Who is this edition of Erskine May for? Plainly for practitioners, meaning the occupants of the Chair (such as the Speaker and Deputy Speakers), those who advise them, MPs and officials. But it is not just for them. Recent controversy over decisions by the Speaker on procedural issues related to Brexit and threats of early or extended prorogation by some candidates for leadership of the Conservative Party have served to remind all of us that parliamentary procedures are not some sort of secret masonic ritual to be understood only by a priestly caste of clerks and a handful of others, but are as integral to a parliamentary democracy as electoral rules. And it is not just for Westminster: one of my great pleasures as Clerk was to receive emails from colleagues around the Commonwealth seeking elucidation of a procedural – and usually political – issue where their knowledge of what was said in Erskine May was far in advance of my own!

Fortunately this edition has been preceded by two very different works which help set it in context. In 2018 the Commons authorities published a Guide to Procedure which is intended to help those involved in its day to day work, set out in plain English. It is of course available online. And secondly, at the end of 2017 Hart Publishing produced a book of essays – edited by current Clerk of Committees Paul Evans, entitled Essays on the History of Parliamentary Procedure: In Honour of Thomas Erskine May, to mark the great man’s 200th birthday in 2015. Continue reading

The challenges of studying bicameralism and the legislative process: reflections from the Rome workshop ‘Bicameralism and Law-making in the UK and Italy’

u8TSxoiJ_400x400 (1)On 11 and 12 June 2018 the Constitution Unit co-hosted two workshops with Rome LUISS university, the second of which was on ‘Bicameralism and the legislative process in the UK and Italy’. In this post Roberta Damiani summarises some of the themes from the day, and what conclusions can be drawn for those researching the work and influence of parliaments.

Studying the legislative process is not an easy task, and it becomes even more complex when done through the lens of bicameralism. Difficulties include the definitional issue of what constitutes influence on legislation, and the challenges of accurately reconstructing how two chambers of parliament work in practice and interact with each other. In the second day of events organised jointly by the Constitution Unit and LUISS University a well-attended workshop, held on June 12th in the Sala della Lupa in the Italian Chamber of Deputies, explored how to tackle this subject from both a methodological and a substantive point of view. Here I draw on some of the points raised during the workshop, in an attempt to stimulate debate on how to approach such topics in future work.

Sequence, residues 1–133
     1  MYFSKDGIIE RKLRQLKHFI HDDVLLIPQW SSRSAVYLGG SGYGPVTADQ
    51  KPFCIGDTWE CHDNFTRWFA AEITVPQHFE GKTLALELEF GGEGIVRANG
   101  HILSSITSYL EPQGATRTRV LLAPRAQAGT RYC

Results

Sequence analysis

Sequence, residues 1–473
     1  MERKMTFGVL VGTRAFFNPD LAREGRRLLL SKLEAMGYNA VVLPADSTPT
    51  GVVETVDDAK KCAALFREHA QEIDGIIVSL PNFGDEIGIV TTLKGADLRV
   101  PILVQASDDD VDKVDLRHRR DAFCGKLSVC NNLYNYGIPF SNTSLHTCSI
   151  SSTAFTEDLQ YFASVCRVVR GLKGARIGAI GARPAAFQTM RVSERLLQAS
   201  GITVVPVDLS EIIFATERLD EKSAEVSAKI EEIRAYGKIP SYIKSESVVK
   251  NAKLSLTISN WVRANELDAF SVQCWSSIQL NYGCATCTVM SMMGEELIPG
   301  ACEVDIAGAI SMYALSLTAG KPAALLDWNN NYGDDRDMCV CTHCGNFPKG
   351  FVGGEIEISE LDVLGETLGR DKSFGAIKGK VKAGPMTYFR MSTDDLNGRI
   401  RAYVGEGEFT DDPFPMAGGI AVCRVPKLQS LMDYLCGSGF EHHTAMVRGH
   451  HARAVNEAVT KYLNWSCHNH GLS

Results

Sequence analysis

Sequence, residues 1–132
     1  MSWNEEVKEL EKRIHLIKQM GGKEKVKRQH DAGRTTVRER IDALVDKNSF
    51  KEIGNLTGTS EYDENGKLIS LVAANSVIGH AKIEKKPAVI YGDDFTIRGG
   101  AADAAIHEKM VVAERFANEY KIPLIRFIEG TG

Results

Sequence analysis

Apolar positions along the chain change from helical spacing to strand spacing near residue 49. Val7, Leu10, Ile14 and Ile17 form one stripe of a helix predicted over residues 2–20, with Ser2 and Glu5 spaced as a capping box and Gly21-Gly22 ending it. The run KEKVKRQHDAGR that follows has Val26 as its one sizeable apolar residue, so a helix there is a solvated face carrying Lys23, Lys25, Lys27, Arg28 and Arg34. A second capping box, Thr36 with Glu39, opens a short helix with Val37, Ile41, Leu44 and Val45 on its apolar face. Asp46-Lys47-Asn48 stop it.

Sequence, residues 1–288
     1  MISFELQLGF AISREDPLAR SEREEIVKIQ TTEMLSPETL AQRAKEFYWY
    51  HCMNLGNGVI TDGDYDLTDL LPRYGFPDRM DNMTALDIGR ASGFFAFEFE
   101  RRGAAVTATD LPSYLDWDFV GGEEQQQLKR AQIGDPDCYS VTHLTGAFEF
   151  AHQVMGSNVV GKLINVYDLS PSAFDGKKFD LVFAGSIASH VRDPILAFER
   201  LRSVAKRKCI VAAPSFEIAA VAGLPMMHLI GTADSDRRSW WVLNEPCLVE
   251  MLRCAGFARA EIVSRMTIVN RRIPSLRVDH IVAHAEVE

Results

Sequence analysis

The comparative literature often attempts to rank national parliaments according to their policy-making powers. Usually, these stop at the formal powers that a legislature has – for instance, to introduce bills and to amend government legislation. Examples are the Parliamentary Powers Index compiled by Fish and Kroenig, and its weighted version proposed by Chernykh, Doyle and Power in 2016. These comparative studies can be very useful to have a broad overview of how formal legislative powers vary from one country to another. However, they also start to highlight some challenges of studying legislatures: when one moves down to the level of the individual country, reconstructing what actually goes on in a certain parliament tends to be much more complicated.
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Legislation at Westminster launch seminar: senior parliamentary figures discuss the impact of parliament on government bills

Meg Russell and Daniel Gover’s new book Legislation at Westminster challenges received wisdom about the UK parliament’s influence on legislation. In contrast to common portrayals of Westminster as having only weak policy influence, Russell and Gover present evidence demonstrating strong influence, exercised in a variety of subtle ways. The findings were discussed at a seminar held in parliament on 15 November. Hannah Dowling and Kelly Shuttleworth report.

The UK parliament is frequently portrayed as little more than an ‘elaborate rubber stamp’ by journalists and even parliamentarians. Academics have tended to offer a slightly more nuanced view but nevertheless often present Westminster as a weak legislature and downplay its policy influence. A ground-breaking new book by Constitution Unit Director Professor Meg Russell and Daniel Gover questions the extent to which these assumptions hold true. The book represents the largest study of its kind for over 40 years.